The British victory in the French and Indian War (1754–1763) helped Britain expand and improve its control over North American territory, while France had to cede its claims to huge amounts of land. However, Britain's territorial gains came at considerable financial cost, and as a result, Britain tried to force its colonists to pay for its war expenses and its ongoing military presence in the colonies. Many colonists objected to these measures, especially the financial burdens that the government imposed through new taxes and tariffs. There also arose widespread opposition to the Quartering Act of 1765, which required civilian families to provide troops with housing and food.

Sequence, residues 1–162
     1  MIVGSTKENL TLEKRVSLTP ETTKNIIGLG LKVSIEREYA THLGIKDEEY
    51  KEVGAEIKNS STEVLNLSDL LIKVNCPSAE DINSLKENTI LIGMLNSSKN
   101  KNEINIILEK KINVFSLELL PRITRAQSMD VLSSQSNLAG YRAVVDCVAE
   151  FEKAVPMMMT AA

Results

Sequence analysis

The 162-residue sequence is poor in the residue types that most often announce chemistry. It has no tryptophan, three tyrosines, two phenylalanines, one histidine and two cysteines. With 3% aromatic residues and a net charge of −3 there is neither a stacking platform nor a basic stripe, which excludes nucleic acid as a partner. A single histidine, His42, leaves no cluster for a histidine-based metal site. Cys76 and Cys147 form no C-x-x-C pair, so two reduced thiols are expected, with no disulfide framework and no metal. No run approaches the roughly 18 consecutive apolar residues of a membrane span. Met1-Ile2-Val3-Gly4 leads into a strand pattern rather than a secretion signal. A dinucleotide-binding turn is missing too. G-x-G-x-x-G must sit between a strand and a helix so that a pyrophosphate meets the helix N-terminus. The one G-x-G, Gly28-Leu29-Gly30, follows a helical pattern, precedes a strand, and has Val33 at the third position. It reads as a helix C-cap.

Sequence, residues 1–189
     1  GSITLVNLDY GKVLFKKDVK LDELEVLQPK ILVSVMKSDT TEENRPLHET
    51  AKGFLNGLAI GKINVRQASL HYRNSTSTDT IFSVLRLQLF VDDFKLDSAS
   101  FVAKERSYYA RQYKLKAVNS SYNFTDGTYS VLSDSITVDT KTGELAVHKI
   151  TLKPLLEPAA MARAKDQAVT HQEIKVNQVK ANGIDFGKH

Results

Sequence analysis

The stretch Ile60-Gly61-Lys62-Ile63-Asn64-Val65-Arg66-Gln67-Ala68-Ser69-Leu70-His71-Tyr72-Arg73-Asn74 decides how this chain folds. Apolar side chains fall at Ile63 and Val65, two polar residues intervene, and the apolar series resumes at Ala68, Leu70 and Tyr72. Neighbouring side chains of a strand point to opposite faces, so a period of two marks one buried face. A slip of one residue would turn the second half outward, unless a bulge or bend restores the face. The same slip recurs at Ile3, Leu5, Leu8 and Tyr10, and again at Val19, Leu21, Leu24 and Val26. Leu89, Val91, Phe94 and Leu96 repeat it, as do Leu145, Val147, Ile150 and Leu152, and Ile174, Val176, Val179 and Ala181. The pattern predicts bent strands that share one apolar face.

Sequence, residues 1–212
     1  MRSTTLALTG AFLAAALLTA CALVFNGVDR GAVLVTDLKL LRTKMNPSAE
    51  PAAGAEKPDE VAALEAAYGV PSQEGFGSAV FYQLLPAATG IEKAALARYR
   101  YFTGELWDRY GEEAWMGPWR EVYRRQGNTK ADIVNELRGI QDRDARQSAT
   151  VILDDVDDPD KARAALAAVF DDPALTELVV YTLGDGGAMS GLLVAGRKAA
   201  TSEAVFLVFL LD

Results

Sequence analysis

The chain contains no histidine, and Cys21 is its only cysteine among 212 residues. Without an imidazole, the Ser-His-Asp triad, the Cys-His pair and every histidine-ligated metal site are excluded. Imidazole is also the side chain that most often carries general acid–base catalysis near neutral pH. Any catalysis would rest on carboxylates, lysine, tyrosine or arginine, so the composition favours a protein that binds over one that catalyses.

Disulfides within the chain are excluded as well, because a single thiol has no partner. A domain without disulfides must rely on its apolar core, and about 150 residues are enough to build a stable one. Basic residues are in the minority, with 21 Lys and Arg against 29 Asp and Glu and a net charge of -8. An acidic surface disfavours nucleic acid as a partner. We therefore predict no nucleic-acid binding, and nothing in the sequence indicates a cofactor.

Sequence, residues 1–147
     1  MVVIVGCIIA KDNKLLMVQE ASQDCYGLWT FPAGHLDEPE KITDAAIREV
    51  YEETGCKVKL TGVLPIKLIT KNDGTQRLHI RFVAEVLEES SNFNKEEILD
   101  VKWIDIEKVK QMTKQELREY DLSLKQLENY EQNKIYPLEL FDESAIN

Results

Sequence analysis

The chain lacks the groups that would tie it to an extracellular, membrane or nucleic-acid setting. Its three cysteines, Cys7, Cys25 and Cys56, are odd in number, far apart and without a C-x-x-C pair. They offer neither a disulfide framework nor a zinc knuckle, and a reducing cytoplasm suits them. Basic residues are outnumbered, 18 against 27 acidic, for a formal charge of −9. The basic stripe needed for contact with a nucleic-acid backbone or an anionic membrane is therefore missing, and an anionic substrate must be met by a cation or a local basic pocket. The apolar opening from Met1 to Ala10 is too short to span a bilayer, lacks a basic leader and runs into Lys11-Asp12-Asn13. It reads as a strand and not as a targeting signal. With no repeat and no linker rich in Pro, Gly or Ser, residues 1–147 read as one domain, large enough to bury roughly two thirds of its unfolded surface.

A more lasting legacy, however, came in the form of principles of political philosophy. Although the colonists were British subjects, they had no voice in determining the national policies that affected them—colonists could not elect voting members to Parliament. Objections to taxation without representation were expressed in public demonstrations such as the Boston Tea Party in 1773. Rather than generating loyalty to the crown, the British victory in the French and Indian War heightened American awareness of their difference from those born in Britain and paved the way for the revolution that began only two decades later.